Demystifying Over-The-Air (OTA) Testing – Important Antenna Parameters, Test System Setup and CalibrationJuly 08, 2020 by Rohde and Schwarz
Today, given the increasing integration of chipsets and antennas as well as usage of higher frequencies, the lines between testing chipsets, RF testing, and antenna characterization have become blurred. In upcoming mm-wave architectures (involving signals with wavelengths in the general millimeter region), there will be no connector between RF components like chipsets, a power amplifier (PA) and the attached antennas. Therefore, the chipset cannot be tested without the antenna and vice versa.
Both analog and digital improvements are leading to the use of multiple radio frequency (RF) frontends, massive antenna arrays even in consumer-grade hardware, and a combination of beamforming and multiple-input multiple-output (MIMO) technology known as massive MIMO, enhancing multi-user MIMO (MU-MIMO) and supporting high user capacities in the 5G New Radio (NR) standard.
Whether in low-cost devices targeting the IoT market, highly integrated radio frontends for satellite communications links, or mm-wave devices, integrated antennas are becoming more common with each development cycle. Therefore, OTA testing is becoming more important (or even mandatory) for a broader audience. The step from conducted measurements to OTA testing changes the measurement requirements to a certain degree. New user groups are thus required to have a basic understanding of antennas and antenna measurements.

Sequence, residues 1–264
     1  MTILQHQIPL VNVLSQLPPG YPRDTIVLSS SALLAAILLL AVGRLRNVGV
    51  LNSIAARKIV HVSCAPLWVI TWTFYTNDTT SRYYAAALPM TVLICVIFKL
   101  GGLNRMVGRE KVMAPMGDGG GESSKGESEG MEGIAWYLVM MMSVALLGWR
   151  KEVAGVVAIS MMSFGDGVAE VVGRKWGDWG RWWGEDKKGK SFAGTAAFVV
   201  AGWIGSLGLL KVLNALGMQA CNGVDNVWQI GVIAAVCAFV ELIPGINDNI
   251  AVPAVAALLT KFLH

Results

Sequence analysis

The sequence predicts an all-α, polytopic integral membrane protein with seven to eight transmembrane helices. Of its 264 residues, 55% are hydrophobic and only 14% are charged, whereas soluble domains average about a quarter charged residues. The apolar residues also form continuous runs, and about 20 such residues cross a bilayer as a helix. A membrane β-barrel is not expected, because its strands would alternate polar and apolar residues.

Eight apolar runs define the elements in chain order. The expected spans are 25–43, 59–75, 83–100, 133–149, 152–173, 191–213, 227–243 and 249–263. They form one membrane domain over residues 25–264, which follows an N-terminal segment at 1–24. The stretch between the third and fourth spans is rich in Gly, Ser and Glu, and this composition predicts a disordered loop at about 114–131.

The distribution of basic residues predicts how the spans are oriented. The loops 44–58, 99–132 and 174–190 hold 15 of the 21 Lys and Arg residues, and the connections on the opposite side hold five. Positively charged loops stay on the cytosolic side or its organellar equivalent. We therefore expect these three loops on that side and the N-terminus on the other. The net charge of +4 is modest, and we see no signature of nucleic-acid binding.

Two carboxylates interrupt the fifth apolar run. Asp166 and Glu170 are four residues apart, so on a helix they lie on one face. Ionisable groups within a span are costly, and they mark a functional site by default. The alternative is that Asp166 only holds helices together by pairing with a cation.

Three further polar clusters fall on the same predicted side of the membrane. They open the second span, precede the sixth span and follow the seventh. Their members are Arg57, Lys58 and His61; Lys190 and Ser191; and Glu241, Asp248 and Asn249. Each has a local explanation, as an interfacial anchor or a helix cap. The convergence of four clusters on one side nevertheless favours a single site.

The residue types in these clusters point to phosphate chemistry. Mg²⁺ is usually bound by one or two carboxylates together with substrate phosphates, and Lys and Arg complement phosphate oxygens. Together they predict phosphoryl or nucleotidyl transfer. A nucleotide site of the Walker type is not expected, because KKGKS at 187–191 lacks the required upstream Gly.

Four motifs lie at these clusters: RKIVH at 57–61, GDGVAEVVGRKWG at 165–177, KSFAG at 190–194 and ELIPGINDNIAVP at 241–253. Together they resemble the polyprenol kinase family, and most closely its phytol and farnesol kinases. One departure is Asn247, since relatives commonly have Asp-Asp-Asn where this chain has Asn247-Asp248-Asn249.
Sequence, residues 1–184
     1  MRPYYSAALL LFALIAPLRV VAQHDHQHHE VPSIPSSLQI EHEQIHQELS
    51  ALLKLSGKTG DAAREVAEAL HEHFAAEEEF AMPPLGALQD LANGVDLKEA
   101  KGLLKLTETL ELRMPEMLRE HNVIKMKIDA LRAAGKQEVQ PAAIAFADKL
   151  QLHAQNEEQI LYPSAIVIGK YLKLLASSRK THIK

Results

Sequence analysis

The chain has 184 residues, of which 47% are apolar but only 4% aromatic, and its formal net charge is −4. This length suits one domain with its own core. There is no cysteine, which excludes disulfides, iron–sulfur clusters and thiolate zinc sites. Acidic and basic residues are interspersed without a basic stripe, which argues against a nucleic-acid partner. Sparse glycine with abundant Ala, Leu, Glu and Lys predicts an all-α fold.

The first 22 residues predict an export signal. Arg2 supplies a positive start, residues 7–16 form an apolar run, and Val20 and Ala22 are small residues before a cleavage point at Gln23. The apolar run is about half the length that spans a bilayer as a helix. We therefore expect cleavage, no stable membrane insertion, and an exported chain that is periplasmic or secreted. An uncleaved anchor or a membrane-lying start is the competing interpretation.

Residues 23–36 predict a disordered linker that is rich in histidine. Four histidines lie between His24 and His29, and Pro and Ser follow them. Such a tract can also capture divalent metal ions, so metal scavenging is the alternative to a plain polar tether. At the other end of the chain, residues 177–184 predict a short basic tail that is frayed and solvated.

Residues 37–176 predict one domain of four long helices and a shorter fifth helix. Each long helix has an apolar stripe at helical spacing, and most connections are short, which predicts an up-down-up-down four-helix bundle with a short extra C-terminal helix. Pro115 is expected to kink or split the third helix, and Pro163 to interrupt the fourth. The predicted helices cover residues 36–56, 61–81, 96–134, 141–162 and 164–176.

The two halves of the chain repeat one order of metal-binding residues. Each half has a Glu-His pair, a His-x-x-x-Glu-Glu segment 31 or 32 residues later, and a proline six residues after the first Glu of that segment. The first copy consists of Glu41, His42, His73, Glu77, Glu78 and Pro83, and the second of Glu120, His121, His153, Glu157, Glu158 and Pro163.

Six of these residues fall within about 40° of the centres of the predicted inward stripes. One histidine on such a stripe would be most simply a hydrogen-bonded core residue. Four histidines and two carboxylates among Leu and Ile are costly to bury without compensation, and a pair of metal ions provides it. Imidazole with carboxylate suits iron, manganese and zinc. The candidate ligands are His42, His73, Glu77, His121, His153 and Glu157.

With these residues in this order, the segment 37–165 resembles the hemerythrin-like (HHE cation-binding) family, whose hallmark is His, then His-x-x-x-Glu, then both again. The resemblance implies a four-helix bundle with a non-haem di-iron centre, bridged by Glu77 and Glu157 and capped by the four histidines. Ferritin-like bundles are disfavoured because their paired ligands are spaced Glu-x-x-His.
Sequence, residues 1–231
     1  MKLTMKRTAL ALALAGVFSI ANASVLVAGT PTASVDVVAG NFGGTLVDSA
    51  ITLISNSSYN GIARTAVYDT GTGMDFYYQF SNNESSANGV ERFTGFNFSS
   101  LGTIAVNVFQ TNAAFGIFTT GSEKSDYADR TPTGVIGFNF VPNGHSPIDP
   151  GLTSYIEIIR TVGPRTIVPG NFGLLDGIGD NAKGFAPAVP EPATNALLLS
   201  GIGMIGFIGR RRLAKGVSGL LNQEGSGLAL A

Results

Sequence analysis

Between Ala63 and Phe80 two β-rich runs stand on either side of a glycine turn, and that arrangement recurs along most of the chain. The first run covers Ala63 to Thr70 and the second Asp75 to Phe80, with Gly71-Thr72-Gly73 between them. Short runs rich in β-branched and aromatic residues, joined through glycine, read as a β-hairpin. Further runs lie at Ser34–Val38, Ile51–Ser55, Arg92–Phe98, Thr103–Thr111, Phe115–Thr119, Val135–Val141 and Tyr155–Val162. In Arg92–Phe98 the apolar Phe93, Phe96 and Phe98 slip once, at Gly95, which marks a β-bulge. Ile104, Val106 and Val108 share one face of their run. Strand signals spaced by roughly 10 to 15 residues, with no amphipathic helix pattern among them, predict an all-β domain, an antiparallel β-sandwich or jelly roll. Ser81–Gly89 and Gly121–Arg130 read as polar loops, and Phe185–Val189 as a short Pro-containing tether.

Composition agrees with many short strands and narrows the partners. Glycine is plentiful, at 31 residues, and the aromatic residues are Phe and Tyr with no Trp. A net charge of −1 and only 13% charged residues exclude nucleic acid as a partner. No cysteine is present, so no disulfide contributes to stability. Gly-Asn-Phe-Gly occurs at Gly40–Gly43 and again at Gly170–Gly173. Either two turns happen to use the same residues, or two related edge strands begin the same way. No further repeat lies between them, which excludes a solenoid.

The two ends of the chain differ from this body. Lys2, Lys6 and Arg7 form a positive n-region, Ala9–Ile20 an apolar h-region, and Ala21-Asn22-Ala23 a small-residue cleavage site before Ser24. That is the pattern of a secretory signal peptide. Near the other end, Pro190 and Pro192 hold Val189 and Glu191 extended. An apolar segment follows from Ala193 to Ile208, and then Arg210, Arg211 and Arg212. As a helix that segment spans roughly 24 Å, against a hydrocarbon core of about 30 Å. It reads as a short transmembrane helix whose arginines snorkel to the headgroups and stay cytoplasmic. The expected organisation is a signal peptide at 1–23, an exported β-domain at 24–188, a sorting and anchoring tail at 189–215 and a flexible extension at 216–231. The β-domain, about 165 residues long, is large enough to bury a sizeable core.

In this Rohde and Schwarz white paper, learn more about antenna characterization and parameters, the importance and execution of OTA test setup calibration, and array antenna calibration methodologies.
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